Georgia district hosts weeklong Black Lives Matter event

Education sessions for students highlight the DeKalb Schools' celebration of the movement.
By: | November 9, 2020
A protester holds a Black Lives Matter sign in front of the Confederate carving in Stone Mountain Park in Georgia. Jessica McGowan/Getty Images

The DeKalb County School District in Georgia kicked off a Black Lives Matter Week of Action 2020 on Monday with a proclamation of the event and a celebration of Historically Black Colleges and Universities.

The celebration, “an affirmation of the district’s commitment to students, staff and communities of color,” includes seven days of education content being taught to students around messages of equality as well as a host of other activities, including a My Black is Beautiful Unity Day on Wednesday and a student-led panel discussion.

“DeKalb County School District is a diverse school district, and we celebrate that beautiful diversity in every way,” Superintendent Cheryl Watson-Harris said. “Black Lives Matter at DeKalb Schools Week of Action 2020 gives our scholars and staff an opportunity to recognize the positive images for our students in our communities while speaking out against racial and social injustices in our communities.”

The Board of Education had approved the measure in July and the district has been working hard to put together a program that includes a tremendous instructional set of sessions for all grades levels:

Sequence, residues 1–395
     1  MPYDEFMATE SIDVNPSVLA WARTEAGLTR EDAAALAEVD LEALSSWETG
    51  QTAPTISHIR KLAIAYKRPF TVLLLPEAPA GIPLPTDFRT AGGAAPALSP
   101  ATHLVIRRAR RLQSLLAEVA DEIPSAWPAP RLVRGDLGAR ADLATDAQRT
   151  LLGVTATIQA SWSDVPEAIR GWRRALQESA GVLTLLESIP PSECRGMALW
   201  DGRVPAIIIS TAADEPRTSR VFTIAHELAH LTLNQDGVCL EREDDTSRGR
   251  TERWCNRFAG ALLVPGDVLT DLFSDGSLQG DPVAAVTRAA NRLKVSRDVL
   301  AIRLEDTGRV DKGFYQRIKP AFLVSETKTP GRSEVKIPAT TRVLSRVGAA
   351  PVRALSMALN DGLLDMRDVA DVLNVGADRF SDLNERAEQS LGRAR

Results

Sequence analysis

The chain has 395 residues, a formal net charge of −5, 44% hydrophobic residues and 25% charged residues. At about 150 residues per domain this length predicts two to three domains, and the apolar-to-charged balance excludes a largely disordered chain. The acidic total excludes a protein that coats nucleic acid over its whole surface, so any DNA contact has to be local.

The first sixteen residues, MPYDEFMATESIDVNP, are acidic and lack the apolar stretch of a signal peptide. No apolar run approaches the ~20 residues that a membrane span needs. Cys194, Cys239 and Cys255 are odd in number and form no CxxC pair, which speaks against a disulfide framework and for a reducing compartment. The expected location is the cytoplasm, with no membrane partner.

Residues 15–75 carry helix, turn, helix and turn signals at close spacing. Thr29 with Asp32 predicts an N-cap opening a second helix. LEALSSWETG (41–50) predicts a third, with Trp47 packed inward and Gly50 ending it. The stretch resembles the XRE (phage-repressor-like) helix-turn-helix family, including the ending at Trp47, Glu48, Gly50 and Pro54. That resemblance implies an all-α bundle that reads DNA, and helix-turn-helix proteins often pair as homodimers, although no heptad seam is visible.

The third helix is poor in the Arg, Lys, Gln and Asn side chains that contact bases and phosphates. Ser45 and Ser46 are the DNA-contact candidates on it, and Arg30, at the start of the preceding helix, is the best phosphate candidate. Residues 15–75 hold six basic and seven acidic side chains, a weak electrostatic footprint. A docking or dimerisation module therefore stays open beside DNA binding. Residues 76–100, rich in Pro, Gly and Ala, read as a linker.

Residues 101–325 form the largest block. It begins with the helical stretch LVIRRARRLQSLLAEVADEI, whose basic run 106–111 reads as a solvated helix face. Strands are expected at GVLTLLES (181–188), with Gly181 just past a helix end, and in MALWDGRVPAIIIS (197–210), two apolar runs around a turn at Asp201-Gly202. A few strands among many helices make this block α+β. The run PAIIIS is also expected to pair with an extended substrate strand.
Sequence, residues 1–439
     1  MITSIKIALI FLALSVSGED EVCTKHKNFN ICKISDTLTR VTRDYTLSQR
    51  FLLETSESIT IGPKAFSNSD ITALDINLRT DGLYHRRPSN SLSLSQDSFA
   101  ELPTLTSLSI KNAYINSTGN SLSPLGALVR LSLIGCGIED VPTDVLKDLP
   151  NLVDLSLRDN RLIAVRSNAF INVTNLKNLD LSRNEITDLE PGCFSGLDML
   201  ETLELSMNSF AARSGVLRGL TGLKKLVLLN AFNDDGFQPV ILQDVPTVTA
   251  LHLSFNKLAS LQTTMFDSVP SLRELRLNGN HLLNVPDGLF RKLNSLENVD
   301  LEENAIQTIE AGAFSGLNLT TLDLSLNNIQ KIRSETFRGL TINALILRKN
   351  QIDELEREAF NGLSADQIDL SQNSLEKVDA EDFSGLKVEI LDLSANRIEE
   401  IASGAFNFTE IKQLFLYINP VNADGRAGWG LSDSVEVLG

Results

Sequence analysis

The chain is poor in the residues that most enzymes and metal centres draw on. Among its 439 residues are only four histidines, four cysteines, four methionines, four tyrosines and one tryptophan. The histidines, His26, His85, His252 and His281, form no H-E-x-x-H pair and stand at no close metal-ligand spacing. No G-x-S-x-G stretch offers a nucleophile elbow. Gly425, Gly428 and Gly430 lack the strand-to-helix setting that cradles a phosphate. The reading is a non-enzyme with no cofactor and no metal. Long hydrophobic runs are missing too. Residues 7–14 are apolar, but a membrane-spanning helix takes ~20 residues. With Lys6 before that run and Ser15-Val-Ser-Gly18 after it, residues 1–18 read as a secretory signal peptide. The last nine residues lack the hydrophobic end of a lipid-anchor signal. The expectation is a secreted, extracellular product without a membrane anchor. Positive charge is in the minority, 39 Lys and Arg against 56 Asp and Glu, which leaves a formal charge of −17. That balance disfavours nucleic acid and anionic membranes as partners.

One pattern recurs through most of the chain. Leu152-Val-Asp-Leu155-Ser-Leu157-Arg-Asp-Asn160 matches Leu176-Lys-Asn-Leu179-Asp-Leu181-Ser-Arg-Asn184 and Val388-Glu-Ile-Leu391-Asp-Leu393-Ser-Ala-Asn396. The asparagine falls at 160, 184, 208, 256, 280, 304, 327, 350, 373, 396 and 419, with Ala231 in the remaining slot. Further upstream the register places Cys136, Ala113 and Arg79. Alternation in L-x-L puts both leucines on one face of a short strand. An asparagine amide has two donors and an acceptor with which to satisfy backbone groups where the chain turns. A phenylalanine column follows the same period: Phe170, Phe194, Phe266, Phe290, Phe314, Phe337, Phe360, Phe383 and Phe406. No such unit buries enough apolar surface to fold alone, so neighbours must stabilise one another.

• At K-5, there will be an exploration of race and racial identity in children’s books; and a Singing for Peace session along with an environmental justice discussion for grades 3-5.
  • For grades 3-8, there is a session that asks, “Was there ever a part of your identity that you had to hide?”; another on responsibilities and basic rights; Mathematics For Our Past, a look at diversity and tolerance; and a critical viewer activity that examines the role brands play in perpetuating stereotypes in advertising.
  • For grades 6-12, there are deeper dives on the truths – and myths – about voting and the Reconstruction Amendments.
  • And for grades 9-12, a look at school segregation that existed before and after the famous Brown v. Board of Education ruling.

In addition to the education sessions, on Tuesday the school district will recognize black-owned businesses and on Thursday host a signature event: the Black Lives Matter Conference: Celebrating the Black Contribution to America.

“In today’s society, the Black Lives Matter Movement represents a visual representation of what our ancestors fought for throughout history,” School Board Member Diijon DaCosta said. “Our ancestors fought for justice, freedom, equality, and change, which benefits minorities and people of color. We must continue to build on their legacy by being involved, staying informed, and choosing to let our voices be heard. Now is the time to shift the narrative towards progressive change, diversity, and inclusion. We cannot allow ourselves to continue negative behaviors from the past that cause division. Change starts with us.”